"Grant Writers Contract"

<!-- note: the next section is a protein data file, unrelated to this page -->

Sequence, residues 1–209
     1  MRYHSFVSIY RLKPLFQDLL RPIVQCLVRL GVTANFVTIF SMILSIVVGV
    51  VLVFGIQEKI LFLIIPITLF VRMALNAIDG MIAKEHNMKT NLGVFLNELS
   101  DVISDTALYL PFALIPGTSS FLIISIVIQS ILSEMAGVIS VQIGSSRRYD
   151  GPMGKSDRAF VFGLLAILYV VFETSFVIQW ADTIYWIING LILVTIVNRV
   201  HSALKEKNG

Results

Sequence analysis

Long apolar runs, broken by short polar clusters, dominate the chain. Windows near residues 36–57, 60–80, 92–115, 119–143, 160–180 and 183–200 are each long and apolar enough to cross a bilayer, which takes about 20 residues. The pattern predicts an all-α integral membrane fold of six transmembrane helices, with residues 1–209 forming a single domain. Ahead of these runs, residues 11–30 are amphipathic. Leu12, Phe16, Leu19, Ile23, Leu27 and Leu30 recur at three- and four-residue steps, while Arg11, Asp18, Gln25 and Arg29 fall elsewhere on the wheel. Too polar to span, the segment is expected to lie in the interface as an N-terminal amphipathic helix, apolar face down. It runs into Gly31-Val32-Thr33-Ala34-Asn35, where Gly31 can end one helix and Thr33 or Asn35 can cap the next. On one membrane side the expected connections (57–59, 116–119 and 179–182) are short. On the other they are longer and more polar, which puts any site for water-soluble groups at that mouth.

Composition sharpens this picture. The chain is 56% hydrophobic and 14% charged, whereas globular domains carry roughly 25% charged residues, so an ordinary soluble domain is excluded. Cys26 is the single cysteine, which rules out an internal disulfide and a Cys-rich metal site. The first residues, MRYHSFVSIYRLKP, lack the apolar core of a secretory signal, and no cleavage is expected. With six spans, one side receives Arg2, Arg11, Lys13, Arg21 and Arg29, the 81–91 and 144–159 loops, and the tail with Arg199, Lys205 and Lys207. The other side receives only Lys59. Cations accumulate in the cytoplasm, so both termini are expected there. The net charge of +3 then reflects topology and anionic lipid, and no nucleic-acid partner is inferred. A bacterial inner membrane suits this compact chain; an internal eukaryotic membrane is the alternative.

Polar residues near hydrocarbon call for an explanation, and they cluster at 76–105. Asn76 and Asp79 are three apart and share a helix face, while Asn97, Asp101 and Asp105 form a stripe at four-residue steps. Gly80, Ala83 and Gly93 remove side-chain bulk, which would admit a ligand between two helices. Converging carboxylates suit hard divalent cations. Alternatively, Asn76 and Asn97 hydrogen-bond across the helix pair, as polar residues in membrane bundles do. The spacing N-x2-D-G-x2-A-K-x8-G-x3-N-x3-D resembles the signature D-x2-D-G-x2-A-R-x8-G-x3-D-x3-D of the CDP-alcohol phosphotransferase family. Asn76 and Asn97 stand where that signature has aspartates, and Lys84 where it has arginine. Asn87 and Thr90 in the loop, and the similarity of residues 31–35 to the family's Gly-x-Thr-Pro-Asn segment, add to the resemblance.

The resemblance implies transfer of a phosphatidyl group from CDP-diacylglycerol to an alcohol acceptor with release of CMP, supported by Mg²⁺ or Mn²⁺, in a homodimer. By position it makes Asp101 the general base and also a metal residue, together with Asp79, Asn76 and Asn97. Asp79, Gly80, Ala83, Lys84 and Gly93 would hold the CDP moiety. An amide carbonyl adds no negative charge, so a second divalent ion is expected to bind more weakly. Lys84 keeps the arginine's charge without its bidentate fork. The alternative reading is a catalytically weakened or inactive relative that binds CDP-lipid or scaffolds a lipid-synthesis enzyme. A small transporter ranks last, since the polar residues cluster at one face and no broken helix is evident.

Grant Writing for Instructional Technology and Distance Education R & E II Written by Dr. Mike Simonson NOVA Southeastern university firstname.lastname@example.org Agenda • Definition of Terms • Type of grants • Elements, Basic, Benefits of the Well-Written Proposal • Developing and Designing the Component Parts of the Grant Proposal from Ideas to Fundable Project • Building Support and Involvement • Putting It all Together: Formatting and Packaging 1. Terms Sponsored Project Grant award made by an external funding source to conduct research, training, or community service project/ program which specifies conditions and carries terms on : use of funds, objectives to be achieved by use of funds, individuals responsible for completion of the project, period of performance, reporting requirements ( both financial and technical), and adherence to federal and/or agency-specific regulations/guidelines. Gift A donation which is philanthropic and charitable in intent and accompanied by few or no restrictions. A period of performance is not specified, formal financial accounting is not required, and unexpended funds need not be returned. Request for Proposal(RFP) When a funding agency has funds available for a new contract or grant program, it sends out an RFP, which lists project specifications and application procedures. Request for application (RFA) Used mostly by the federal government when requesting outside assistance for projects under taken internally at the agency. These usually result in a Cooperative Agreement although a Grant or Contract may be awarded. Proposal A written application with supporting documentation submitted to a funding source to request financial assistance for a particular research, training, or community service program or project. Grant An award made by the funder to provide funds for a particular purpose, usually for the benefit of the public. Invitation for Bid (IFB) Used by a funding source usually government agencies-when requesting goods, services, for certain research from specific organizations-typically results in a contract award. Contract A term used to describe a binding compensation agreement where a product, instrument, device, or technical report (i.e., a ―deliverable‖) is the result, or a service is provided ( i.e., training). Contract requirements are more specific and less flexible than grants (inclusion of indemnification and termination clauses); agency personnel tend to maintain strict oversight. Major components of contract are terms and conditions, statement of work, and budget. Statement of Work (SOW) the technical part of the contract agreement which details the specific plan, methodology, activities, and timeline used to meet work specifications and achieve results. Cost Reimbursement Contract Payment made based upon performance of work and actual expenditures incurred while implementing and carryout the project/research to completion. Invoicing of sponsor to be completed per schedule specified. Fixed Price Contract Payment(s) made in fixed amount(s), typically lump sum up front, monthly, or quarterly. Unexpended funds are kept by the awardees unless return of unexpended funds is specified in the terms and conditions of the contract. Cooperative Agreement A financial assistance mechanism used when substantial federal programmatic involvement with the recipient during performance of the project is anticipated. Ex: recipient must meet specific procedural requirements prior to the beginning of subsequent stages of the project, program officer participates in selection of key personnel, etc. Solicited Grant/Contract A funding agency’s request for outside assistance to conduct research, training, or community service through issuance of an RFP, IFB, Notice of Funding Availability (NOFA), or other program solicitation and where reviews are conducted and awards made through a competitive selection process. Unsolicited Grant/Contract Submission of a proposal based on knowledge of funding agency’s priorities,m interests, or granting guidelines, etc. and where a funding agency has not formally requested outside assistance through the issuance of an RFP, RFA, IFB, NOFA, or other program solicitation. Principal Investigator (PI)/Project Director (PD) An individual responsible for directing the project/program being supported by the funding agency through a grant or contract. Grant/Contract Administrator A staff member at the funding source who is authorized to act as the official in all matters pertaining to award administration. This individual has the authority to bind the funding agency to all performance/programmatic matters concerning the research/project. Program Officer A staff member representing the funding agency who reviews proposals and makes funding recommendations. Assists award recipient with programmatic management of grant (scope of research/project plan, goals, objectives, etc.). Direct Costs Costs that can be attributed directly to a specific project or program. Indirect Costs Costs that are incurred by the organization to achieve common or joint objectives and which therefore cannot be identified specifically with a particular project or program . Commonly referred to as ―overhead‖. Cost Sharing The sharing of costs on a grant, by an organization, which is more than a token amount (i.e., more than 1%) and not paid by the awarding agency. Matching The value of cash contributions made to a project by non-federal third parties. Third Party In-Kind Contributions The value of non-cash contributions made by non-federal third parties. May include volunteer services, supplies, equipment, buildings, land, and property 2. Types of Grants •Solicited •Unsolicited •Discretionary •Formula •Earmarks SOLICITED •One that originates from the funder: a funding agency’s formal documented request for outside assistance to conduct research, training, or community service Agency’s do through: --Request for proposals (RFP), RFA’s NOFA’s PA’s, and IFB’s Federal and state agencies typically use these competitive mechanisms due to the increased demand for sponsored project funds. Funders must now be more specific about what they want accomplished for the number of dollars available/allocated. Unsolicited • Proposer conceptualizes program idea/research project based on an identified need or lack of knowledge. — A proposal is developed based on plan to conduct research, training, or provide community service. An Appropriate funding source is then approached based on that organization’s identified interests, published priorities, and /or granting guidelines. Discretionary Pot of funding available through government agencies for grant awards based on appropriations made. --Funds awarded by the federal or state government on a competitive basis-typically for demonstration, special research activities, and service projects. Awards made by judgment, not mandate. Formula •Grants awarded to states on a non competitive basis according to a formula determined by authorizing law. --Formula usually based on relative population and demographic factors relevant to the purpose of the grant program. Formula grant program often require states or state agencies to re-grant, subgrant, or pass through funds to other entities, organizations, and providers within the state. Earmarks • At the state level, funding set-asides for specific organizations written into the congressional record based on legislative priorities and awardee’s ability to utilize funding for a specific purpose. 3. Elements, Basics, and Benefits of a Well-Written Proposal Elements of the Proposal Transmittal Letter from Expected Outcomes submitting Organization Formative and Summative Cover Sheet Evaluation Plan Table of Contents Dissemination Plan Abstract Budget and Justification Introduction, Description and Institutional/Organizational Capabilities of Organization Commitment Problem Statement/Needs Resources and Facilities Assessment Plans for Project Goals Continuation/Self Sufficiency Objectives Appendices Plan of Operation- (Methodology) Key Personnel (biographical sketches) The essence of each and every grant request is the same, whether it is a two-page letter proposal to a small foundation or a 125 page response to an RFP issued by the federal government. All Proposals must include: A statement that a need exists; a presentation of evidence to back up the contention; a recommended course of action, means and manner of addressing that need; and a request for funds to implement the recommended actions Grant development is hard work, but very rewarding. Benefits include: •Personal Accomplishment to the writer •Fiscal reward to awardee •Implementation of programs and projects of importance with external funding support Successful grant writers use the basic rules of good writing and grammar while mastering the art of persuasion. Through clear and concise communication, the intended message is well received by the reviewer and funding is awarded. 4. Developing and Preparing Winning Grant Proposals • Identifying Funding Opportunities • Reading and Interpreting RFP’s and Agency Guidelines • Developing Your Idea • Developing the Problem Statement, Objectives, and Methods • Preparing the Budget • Writing the Evaluation Plan 4a. Identifying Funding Opportunities Where to look when identifying funding opportunities: •Libraries •Internet and World Wide Web Sites •Local College/University Offices of Grants and Contracts or Sponsored Research •Funding Agencies •Newspapers, Newsletters, and Professional Association Publications Resources to assist you in identifying funding opportunities Federal Grants directories, guides, and catalogues Examples: Federal Register (FR); Catalog of Federal Domestic Assistance (CFDA); National Institute of Health Guide to Grants and Contracts (NIH Guide); Guide to Federal Funding for Education State Grants Directories, guides and catalogues Examples: A Guide to Florida State Programs; The Complete Guide to Florida Foundations Periodicals Examples: The Chronicle of Higher Education: Children and Youth Funding Report; Community Health Funding Report; Federal Grants and Contracts weekly; Health Grants and Contracts Weekly •Specialized Directories Examples: Directory of Building and Equipment Grants; Directory of Operating Grants; Directory of Grants for Organizations Serving Individuals with Disabilities; Directory of Biomedical and Health Care Grants; Directory of Research Grants; Directory of Financial Aids for Women; Directory of Financial Aids for Minorities. Books and Other Publications Examples: The ―How to: Grants Manual: Successful Grantseeking Techniques for Obtaining Public and Private Grants; From Idea to Funded Project; Grant Proposal that Work; The Grantseekers Guide to Project Evaluation; A Complete Guide to Proposal Writing; The Complete Book of Model Fund-Raising Letters; Administering Grants, Contracts, and Funds: Evaluating and Improving Your Grants System 4b. RFP’s and Agency Guidelines Common to all RFP’s/Guidelines: Program purpose/priorities Number of copies required Definitions of terms used Funding preferences throughout RFP (HBCU) Eligibility of funds Cost share, matching requirements available Allowable and unallowable Estimated size of each costs award Indirect cost limitations, if Estimated number of any awards to be made Certifications/assurances Deadline for submission required of proposal-postmarked or Review/evaluation criteria received and process Reading and Interpreting RFP’s and Agency Guidelines • First things first! Focus on eligibility requirements. Be sure that your organization/agency is eligible to apply directly and receive an award from the particular funding source for the project. —Check for limitations by geographic area organization type (501( c ) (3), state, country) designation (EZ, EC community), service area, size, etc. • Read instructions thoroughly. —Note all requirements and specifications for submitting a proposal, down to page and font size, line spacing. Some agencies have ―fatal flaw checklist‖; verify that proposal meets basic requirements prior to sending on for full review. • Next, be sure to obtain application materials for the competition to which you are applying. Federal agencies have numerous programs in each division/directorate under which grants are available and numerous awarding mechanisms with modified application packets for each. – Examples: PHS 398, pHS 2590, PHS 4013-1, NSF 95-28, etc. Read instructions thoroughly. – note all requirements and specifications for submitting a proposal, down to page and font size, line spacing. Some agencies have ―fatal flaw checklist‖; verify that proposal meets basic requirements prior to sending on for full review. • Look for announcements of technical assistance workshops. —Someone directly involved with program/project development and proposal preparation should attend. —This may be applicant’s only chance to ask questions regarding guidelines or process. Gain insight to funder’s priorities, instructions not clear in application packet, range of awards etc. —Provides opportunity to network, assess competition, and develop collaborative relationships. 4c. Developing your Idea SERVICE PROGRAM • Consider surrounding community, local conditions, unmet needs, and issues unresolved. —Identify individuals to reach /those targeted for services and find out if they are currently utilizing services/participating in a program similar to the one you want to implement. —Research your idea! If similar program is already in place, find out whether or not being served by that program and propose to fill the niche or close a gap in service provision so that all client needs may be met. •Prove existence of the need by gathering strong base of knowledge – Review the literature and relevant publications, collect data to support the program being proposed. Use up-to-date resources with hit home statements and statistics. • Example: If you are proposing a program to assist individual infected with HIV/AIDS in Broward County, call the HIV/AIDS Surveillance Unit through the local Department of Children and Families (formerly HRS) and obtain current statistics/ breakdowns on number of individuals infected by gender, race, age, etc. – Talkto people you are planning to serve. Find out what the needs are exactly, how the proposed program plan to meet them, and include quotes and/or a letter from a potential program participant in your proposal. RESEARCH STUDY • Consider relevant research already published by experts in the field. • Analyze effects of conducting study on research team, organization, study participants, etc. Do the ends justify the means? • Develop clear scientific protocol/research plan AS YOU DEVELOP YOUR IDEA, KEEP IN MIND: • In order to be competitive, you must prove the organization’s credibility, come up with innovative solutions, and ensure funding source t hat the dollars requested will be used to provide direct service and support related to the goals/priorities of the funder. Goal is to meet the needs of the individuals you have identified as those in need of services; or that research conducted will prove valuable, whether results of study are positive or negative •Typically, the organization must commit some of its own resources. Commitment takes many forms and can include: –proposal development costs (brainstorming sessions, grant-writing time and effort). –Cost share, matching, in-kind that may be required by funder •The organization’s ability and commitment to continue the program after external funding support ends (i.e.., the funder will continue to be met after external funds run out and whether the program will institutionalized follow-up research will be conducted. funded, your organization will be obligated • If to provide services to those you identified as beneficiaries with the amount of funding awarded and meet deliverable requirement (publications, reports, research results, products, etc.) – individuals served and other community organizations will evaluate what your are doing to see that expectations are being met. 4d. Problem Statement, Objectives, and Methods Documenting the Problem Statement/Needs Assessment: A key Element of the Successful Proposal • Present in a clear, concise, well-supported statement the specific problem/issue to be addressed by the project or program. • Describe problem or need in terms of beneficiaries, not your organization. • Show a match between the sponsor’s interests and priorities with the applicant’s experience and skills base. • Utilize quantitative and qualitative data whenever possible, cite limitations of existing programs and document evidence of demand. Areas to Document • History, nature, and scope of the problem from macro to micro; from national, state and local perspective • the organization's purpose for developing the proposal • How organization realized the problem exists • The beneficiaries or target population-who they are and how they will benefit • The social and economic costs affected • What is currently being done about the problem/to address the need and by whom • Negative effects realized without external funding support to address the problem or meet the need and positive outcomes achieved with support How to Conduct Formal/Informal Needs Assessment • Literature review of current publications, articles, statistical abstracts related to subject matter • Survey of or interviews with potential clients, beneficiaries, and local providers dealing with similar issues or areas of research • Documentation of service requests/waiting lists Articulating Goals and Objectives Objectives establish benefits of the project in ―measurable‖ terms. They should be: • Specific and directly related to goal(s) • Attainable • Time-Limited – Use action words, quantifiable outcomes and verifiable figures. Examples: to increase the number of participants enrolled from 15% to 20% by the end of year one, or: to improve the online internet skills of 10% of classroom teachers. Selecting and Developing the Methodology Methods and Procedures describe activities planned to achieve results-the project’s implementation strategy. • Flows from objectives; clarify and justify provide rationale for choices. • Specify activities to occur during each phase or year of the project or program. • Develop a flow-chart or propose a timeline. • Design table of organization for project and define it within the larger organization. • Identify personnel assigned to the project and describe their respective roles and time and effort to be contributed. Describe responsibilities and qualifications of each. Attach vitae(s)/resume(s) as appendix item. • Describe project participants and/or clients (target population) to benefit from the proposed program (numbers of, eligibility criteria, characteristics, etc). 4e. Preparing the Budget Common Budget Categories • Salaries and Wages • Other Expenses • Fringe Benefits • Travel • Consultant costs • Participant Costs • Equipment • Patient Care Costs • Supplies and • Subcontracts materials • Indirect Costs • Food Salaries and Wages • Define percent of effort/amount of time to be committed to project. Release time from other duties and responsibilities must be given in order to be assigned to a grant or contract • Staff time not to exceed 100% full time equivalency (FTE). Overtime is an unallowable expense for key personnel on a federal grant or contract Fringe Benefits • Fringe Benefit rate is applied to all salaries requested for personnel in the proposed budget (in direct proportion to the percentage of effort assigned to the proposed project) – Example: PI/PD earns $70,000 annual salary and works on the grant 505 FTE. Fringe benefit rate for the organization is 24%. Fringe benefits charged to the grant budget for the PI’s tune equals $8,400. • Fringe benefit rate typically includes: –Social Security (FICA) –Retirement –Unemployment –Worker’s Compensation –Health/Life/Disability Insurance • Social Security rate (7.65%) only applied to part-time and student employees Travel • Local: Automobile mileage reimbursement is at cents per mile, covers gas and wear and tear. State of Florida contracts and grants limit mileage reimbursement to $.29, NSU’s rate is $.31 • Domestic: Hotel per diem is $100 per night, reimbursement at $40/day for meals and incidentals at NSU; each agency should come up with reasonable rates depending on location Supplies and Materials • Office supplies: pens, paper, pencil notepads etc. • Training/curricula/workbook materials • Books and research resources • Software Equipment • Acquisition cost of $5,000 or more per unit useful life of more than one year • Computing hardware, machines, furniture • Grantee usually retains title after project is over, unless agency disallows • Rental only allowed under conference grants Supplies and Materials • Office supplies: pens, paper, pencil notepads etc. • Training/curricula/workbook materials • Books and research resources • Software Food Expense • Meals (breakfast,lunch, dinner, snacks, or beverages) for project participants, trainees, conference or meeting attendees • Unallowable on most federal grants unless award is for a conference or training grant • Entertainment expenditures always unallowable (alcohol, tickets to shows, etc.) Other Expenses • Telephone charges (local and long-distance) • Reproduction/photocopying expenses • Postage costs • Publication costs • Rent expense--if off-site facility is to serve as project site Buy America Act--U.S. air carriers • International: must be used if at all possible. Exception: – ―Fly America Act-Code Sharing‖ ruling allows use of foreign carriers if a code sharing agreement with a U.S. carrier’s flight coding Participant Costs/Patient Care Costs • If inpatient and outpatient costs are requested, separated and provide detail for both • Include: – Number of participants/patients – Estimated cost per day/per participant/patient – Expected number of visits/tests/trials – Estimated cost per visit/test/treatment Subcontracts • Identify organization/individual to perform work • Develop a Statement of Work (SOW): who, what, where, when, how • Determine $ amount of subcontract for services provided, including direct and indirect costs • State deliverables in tangible terms Indirect Costs • Costs that cannot readily be identified with a specific project/program (commonly called overhead or administrative costs). Indirect costs cover the use of buildings, offices, libraries, and laboratories along with the maintenance and management of these facilities; and functions performed by the organization such as processing payroll performance of accounting and finance tasks, etc. •Negotiated rates with Dept. of Health and Human Services – Rates based on short form or long form; overhead rate a percentage of either salary and wages only,total direct costs, or modified total direct costs ( total direct costs less equipment, student support) – Training grants limited to 8% TDC • Different rates can be negotiated and used based on where project is conducted – On-site rate – Off-site rate Make Your Financial Plan More Competitive through: • Cost Sharing Commitment • Cash Matching • Third Party In-Kind Contributions • Institutional/Organizational In-Kind Contributions Matching • Value of cash contributions made to project by non-federal third parties • Document commitment of financial resources by letter of support stipulating amount and any restrictions Third-party in-kind contributions • Value of non-cash contributions made to project by non-federal third parties • Document by letter of support • Examples: Volunteer services, donated computers, supplies, equipment, use of space, land or property Institutional/Organizational in- kind contributions • Value of non-cash contributions made by organization • Document by memorandum • Examples: Unrecovered indirect costs, volunteer services Budget Justification • Break down and write budget narrative for project cost categories in same sequence as they appear on budget spreadsheet or agency forms. • Specify line items for each year and time frame during which they will be expended. • Quantify total costs of each line item and document cost calculation. • Elaborate on line items and in narrative form, explain and justify how used for successful project implementation. 4f. Preparing the Evaluation Evaluation • An systematic process which is designed to reduce uncertainty about the effectiveness of a particular project and its results. (Hall, 1988) Cost Sharing • Organization’s commitment to bear costs not paid by awarding agency • Costs usually absorbed by operating budgets • Examples: Percentage of time and effort-- portion of salary with corresponding fringe benefits and indirect for personnel participating on sponsored project; supplies or equipment purchased specifically for project Why include evaluation component in proposal? • Required by funding agency • Provides objective data upon which to decide whether project should continue, if its results should be disseminated, and if methods are valid • Can produce information to assess needs for another grant project/program Basic evaluation questions that will be answered with thorough program planning: • What is it that you are tying to accomplish with this program/ project? • What will happen during the course of the project that will tell you whether or not you have succeeded? • How will you know if it happens or not? FORMATIVE EVALUATION • Monitors the project’s activities and progress as it moves along • Assesses whether processes and procedures are working; whether clients and/or participants are satisfied with services • Produces information used to improve the project during its operation SUMMATIVE EVALUATION • Looks at data collected and analyzed to assess the project’s ultimate effectiveness and impact • Major purpose is to document the extend to which the project achieved its immediate and long term outcomes DISPLAY OF AN EVALUATION PLAN: STEPS TO SUCCESSFUL EVALUATION • Content • Analysis • Collection • Reporting • Compilation Content • Identify what is going to be evaluated • List questions that will be answered; clarify objectives. • Indicate what the purpose and focus of the evaluation will be (formative and /or summative). • Restate time-limited, measurable objectives on which the evaluation will focus. • Determine process as well as product/performance objectives. • Don’t try to evaluate everything, and allow for change in plans; be flexible. (The unexpected results and evaluation data may prove to be the most important outcome of the plan!) • Describe what information will be needed. • Select the ―indicators‖ for the evaluation--specify the type of evidence that will be accepted as proof that an objective has been met or a question answered. Collection • Describe from where the information will be obtained and over what period of time. (During project period, longitudinal studies after end of project, follow-ups to be completed?) – Project participants/clients – Historical information – Data banks – Statistical reports • Consider that methods used should: – be agreeable to clients and individuals conducting evaluation; – be technically sound; data collected will be reliable, valid and targeted to the evaluation questions; –provide the best data your budget can afford and allow enough time to gather and analyze data Compilation • Discuss instruments/methods that will be used to get the information. – Quantitative – Qualitative – Existing – Developed Analysis • Describe the intended analysis and techniques to be used. – Statistical Analysis – Theoretical Analysis • Complete the Evaluation Design – Time line – Standards to be used in judging results (how much deviation from intended outcomes will be allowed before modification of project is undertaken) • Identify individuals charged with carrying out evaluation. Reporting • Describe the intended reporting and utilization. • Report techniques and results so they are meaningful to both the layperson and the professional. (Summarize technical data) • Answer the evaluation questions and explain how arrived at each answer; include unintended outcomes. •Separate audiences that evaluation serves (project staff vs. funding source). – Example: Primary audience for formative evaluation will be project staff; weekly briefings can be held, monthly status reports may be written so that recommendations may be about modifications/changes – Primary audience for summative evaluation will be funding source; funders will be given annual reports and a final report. Annual report assists funders to make decisions regarding refunding; final report reflects overall effectiveness and impact of the program • Discussreporting design: quarterly, interim, annual, final. •Describe reporting format and methods: oral, written, brochures, etc. •Putting the evaluation together. –Table format –Narrative format –Detail costs and benefits INSTRUMENTS FOR DATA COLLECTION • Evaluation plan should have a balance of subjective indicator and objective indicators/statistical measurements and non- quantitative tools. Examples include: • Questionnaires – Surveys – observations • Face to Face Interviews •Telephone Interviews •Rating Scales •Ranking Scales •Performance Tests (Pre-and Post-Tests) •Record Review Internal Evaluators • Program staff • Colleagues • Project participants – May know more about real issues related to program – Answers from individuals directly affected by program may be most trustworthy and useful. – May be biased – Consider: cost, competencies related to evaluation, and availability of time and effort External Evaluators • Consultants or experts in field of service provision or research • Evaluation experts • Outside firm – Can improve the planning and evaluation of program due to their objectivity because no vested interest exists – Can add credibility – Consider: cost, willingness to conduct evaluation even if project is not funded, level of participation in program design, reputation, ability to remain objective Dissemination Plan Project results can be made public via the following: • Project releases • Pamphlets/Videotapes • On-going project/program newsletters • Presentations at professional conferences or at community events • Publications in professional journals or community newspapers • Project replication manuals • WWW page(s) 5. BUILDING SUPPORT AND INVOLMENT •Internal Support – Key staff members • Will be implementing the program and provide valuable feedback, ideas, and assist with the definition of measurable goals and objectives – Peers and co-workers • Can serve as mock reviewers – Executive Director or President of organization • Provides commitment of resources (release time for key personnel, cost share, cash match, space, etc.) –Grant Writers/Contract Administrators •Can serve as your link to others with similar interests, establish contacts and serve as liaison with agencies and ―pitch‖ your idea, coordinate collaborative efforts, recommend alternate sources of funding support, etc. –Volunteers (Internal or External) •Enhance credibility by showing that volunteers will commit time to work on project of importance without personal renumeration. •Can serve as advocates in the community, market your program, and lobby other organizations for additional support. • External Support –Agencies/Organizations that might be affected by your program or those providing complimentary services –Population to be served can provide names of trusted organizations –State and local government through Intergovernmental mental Review –Program/Contract officers at the funding agency provide insight regarding priorities, provide names of current/prior awardees, and give direction as to how to submit the strongest proposal. COLLABORATION • Why Collaborate? — Pressure from funders-more bang for the buck is expected as competition for scarce resources continues rise • Mandate or government initiatives to give priority to those that do propose collaborative efforts • Going it alone now being frowned upon when providing human services • cost6 efficiencies made by addressing common issues/delivering similar services together duplication of effort avoided – Strengths and weaknesses of participants in relations to different components of program can be addressed and resource of all involved can be used to strengthen areas. • Reduces the expense of planning activities/administrative overhead expenses • Priority is to make services more accessible and effective for clients; collaboration lends itself to providing a comprehensive array of services/additional support based on *total* needs of the client • Who to collaborate with? – Peers/others within your organization – Departments/divisions within organization for potential expansion of project scope – Local agencies/organizations providing similar services, those with common missions, org’s who can provide service and support your org. does not, or those performing research in a related area – State-wide experts/analysts –Nationally renewed experts (i.e. through consultancies) 6. Packaging and Submitting the Final Document Formatting • Follow instructions on font and pitch size, margin specifications, line spacing, page size and limitations. • Be consistent throughout document in terms of font choice, terminology, and layout. • Use evaluative criteria specified in RFP to order and divide proposal into sections; ensures that all information is included. • Use headers and subheads throughout your document; makes it aesthetically pleasing to the eye and easier for reviewers to read and find what they are looking for quickly • Include charts, graphs, timelines, and other visual aids where possible to break up narrative. Packaging the Proposal • Make specified number of copies of entire proposal, including appendices. • Secure each proposal with binder clips. Use staples or notebooks only when specified. Delivery • Note deadline date: must it be received by agency on specified due data or mailed on that date? • If hand-delivering proposal package, be sure to obtain a signed verification of proposal acceptance. • If mailing proposal, send certified, return receipt or express delivery. Future of Grant Proposal Development • Electronic Research Administration (ERA) —Federal government in partnership with major research institutions —Some transaction data sets and systems already developed and beta tested (NSF FastLane, ESISON) —Goal: By 2000, all phases and parts of proposal submission, awarding documentation, and reporting to be handled via on-line, electronic communication Mike Simonson Program Professor • This program is part of the Nova Southeastern University ITDE Program • Information about the program can be gotten from…1-800-986-3223 • Nova Southeastern University • 1750 NE 167th street • North Miami Beach, Fl